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CitySeattle, Washington
Broadcast areaSeattle metropolitan area
BrandingKUOW 94.9
SloganSound stories. Sound voices.
Frequency94.9 MHz FM (also on HD Radio)
Translator(s)90.7 K214EW Bellingham (KUOW2)
107.3 K297BK Olympia (KUOW 1340)
Repeater(s)KQOW 90.3 FM Bellingham
KUOW 1340 AM Tumwater
First air date1952 (at 90.5)[1]
FormatFM/HD1: News/Talk
ERP100,000 watts
HAAT224 meters
Facility ID66571
Callsign meaningUniversity Of Washington
Former frequencies90.5 MHz (1952-1958)
OperatorKUOW Puget Sound Public Radio
OwnerUniversity of Washington
WebcastListen Live

KUOW-FM 94.9 is a National Public Radio member station in Seattle, Washington. It is the larger of the two full-fledged NPR member stations in the Seattle/Tacoma media market, Tacoma-based KNKX is the other. It is a service of the University of Washington, but is operated by KUOW Puget Sound Public Radio, a nonprofit community organization. Studios are located on University Way in Seattle's University District, while the transmitter is on Capitol Hill.


KUOW is also carried on the following satellite and broadcast translator stations to improve reception of the station:

About KUOW

KUOW's site states its mission as, "to create and serve an informed public, one challenged and invigorated by an understanding and appreciation of events, ideas, and cultures."[2]

KUOW went on the air in 1952 on 90.5 FM.[1] Its transmitter was on the University of Washington campus atop the Administration Building, now Gerberding Hall. In 1958, Dorothy Stimson Bullitt moved KING-FM to 98.1 and gifted KING's 94.9 FM transmitter and antenna to the Edison Vocational School. That same year, KUOW started using the 94.9 FM transmitter operated by Edison. KUOW is one of the few public radio (or any non-commercial educational) stations on a frequency outside of the reserved band (88-92 mhz; Seattle is also home to KING-FM on 98.1, which became a non-commercial station in 2010)[3]. For years, it served as a training ground for UW students to learn about broadcasting. Programming consisted of classical music, classroom lectures, local news, and Washington Huskies sports.[] From 1954 until 1987, KUOW was a sister station to educational television outlet KCTS-TV (channel 9); the university spun off KCTS and became a community licensee.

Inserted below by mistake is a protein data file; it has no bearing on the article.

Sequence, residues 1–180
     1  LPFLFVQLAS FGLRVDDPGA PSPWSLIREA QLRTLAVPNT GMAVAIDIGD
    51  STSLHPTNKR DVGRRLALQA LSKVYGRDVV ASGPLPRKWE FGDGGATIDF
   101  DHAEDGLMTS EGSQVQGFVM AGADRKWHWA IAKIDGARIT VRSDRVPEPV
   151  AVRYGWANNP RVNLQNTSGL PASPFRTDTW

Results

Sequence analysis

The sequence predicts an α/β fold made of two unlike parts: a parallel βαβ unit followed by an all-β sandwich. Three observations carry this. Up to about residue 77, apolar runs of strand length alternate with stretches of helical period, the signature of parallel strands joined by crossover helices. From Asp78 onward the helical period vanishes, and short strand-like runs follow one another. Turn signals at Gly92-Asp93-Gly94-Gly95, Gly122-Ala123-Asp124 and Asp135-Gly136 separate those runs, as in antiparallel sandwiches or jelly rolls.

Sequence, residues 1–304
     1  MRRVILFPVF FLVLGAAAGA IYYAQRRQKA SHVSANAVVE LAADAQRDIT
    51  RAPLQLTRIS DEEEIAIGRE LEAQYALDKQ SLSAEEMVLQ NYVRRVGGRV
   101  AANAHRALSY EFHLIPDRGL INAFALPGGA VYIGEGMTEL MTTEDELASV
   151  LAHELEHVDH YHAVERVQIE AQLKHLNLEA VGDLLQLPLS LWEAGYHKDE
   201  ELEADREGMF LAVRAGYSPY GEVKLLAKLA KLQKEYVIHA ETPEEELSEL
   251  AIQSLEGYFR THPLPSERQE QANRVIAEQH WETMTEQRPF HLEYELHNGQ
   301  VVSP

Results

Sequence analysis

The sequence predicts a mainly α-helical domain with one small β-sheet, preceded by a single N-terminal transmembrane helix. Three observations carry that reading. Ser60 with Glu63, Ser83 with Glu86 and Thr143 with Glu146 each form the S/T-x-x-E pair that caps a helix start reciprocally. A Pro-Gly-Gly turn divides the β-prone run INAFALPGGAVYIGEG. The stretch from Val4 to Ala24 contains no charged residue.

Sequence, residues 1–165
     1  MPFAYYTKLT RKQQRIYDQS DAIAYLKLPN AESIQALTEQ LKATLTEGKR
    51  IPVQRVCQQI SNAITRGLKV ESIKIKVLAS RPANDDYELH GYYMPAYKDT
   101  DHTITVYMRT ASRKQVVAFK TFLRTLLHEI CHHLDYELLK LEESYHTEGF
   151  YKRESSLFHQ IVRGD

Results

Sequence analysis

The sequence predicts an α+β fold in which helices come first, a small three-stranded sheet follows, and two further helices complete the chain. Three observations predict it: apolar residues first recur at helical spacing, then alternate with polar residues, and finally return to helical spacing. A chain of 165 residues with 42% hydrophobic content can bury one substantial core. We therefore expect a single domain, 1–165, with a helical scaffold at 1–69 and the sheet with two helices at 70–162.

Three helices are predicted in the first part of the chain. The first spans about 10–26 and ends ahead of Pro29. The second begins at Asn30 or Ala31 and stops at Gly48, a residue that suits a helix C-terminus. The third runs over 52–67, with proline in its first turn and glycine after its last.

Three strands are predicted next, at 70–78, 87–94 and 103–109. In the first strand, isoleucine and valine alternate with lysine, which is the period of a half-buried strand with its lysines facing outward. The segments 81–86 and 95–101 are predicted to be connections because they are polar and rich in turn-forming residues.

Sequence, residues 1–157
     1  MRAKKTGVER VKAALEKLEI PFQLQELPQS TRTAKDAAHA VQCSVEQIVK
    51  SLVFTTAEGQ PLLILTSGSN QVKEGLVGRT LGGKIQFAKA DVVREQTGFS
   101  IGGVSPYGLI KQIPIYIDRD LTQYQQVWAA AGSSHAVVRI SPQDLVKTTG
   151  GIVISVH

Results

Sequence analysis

In the 1960s, however, KUOW began branching out, adding more news programming. It was a charter member of NPR in 1970. In 1992, it changed format from music to news and information, and in 1999 it moved off campus to its current location on University Way.[4] Also in 1999, UW outsourced the station's operation to Puget Sound Public Radio.

The station operates two repeaters in the Puget Sound region in Bellingham on KQOW FM 90.3, in Olympia on KUOW AM 1340 (licensed to Tumwater), and on the Internet.

HD Programming

KUOW-FM broadcasts in HD.[5]. On March 7, 2018, KUOW made the decision to discontinue the HD2, HD3, and HD4 subchannels. "KUOW2" continues to be transmitted on translator K214EW 90.7/KQOW-HD2 in Bellingham, while KUOW Jazz was discontinued. [6] The main analog signal continues to be simulcast on HD1.


KUOW's 2008 annual report states that the station served an average of 375,800 listeners each week in fiscal year 2008.[7] These listeners averaged eight and a quarter hours of listening per week to total more than 3 million weekly listener hours. In the same year, KUOW ranked second among all radio stations in the Seattle Metro market, with a 4.8% share of the market's radio audience.


KUOW's 2010 (fiscal year) direct support (money received) totaled $10,134,882.[8] Its sources were:


KUOW produces several programs, most of which are concerned with local news and events:

  • The Record: Hosted by Bill Radke. This midday news magazine covers a mix of local, national and international news every weekday (Excluding Fridays).[9]
  • Week In Review: Hosted by Bill Radke. The Friday edition of The Record.[10]
  • Speaker's Forum: Speaker's Forum airs speeches and presentations from a wide variety of specialties.[]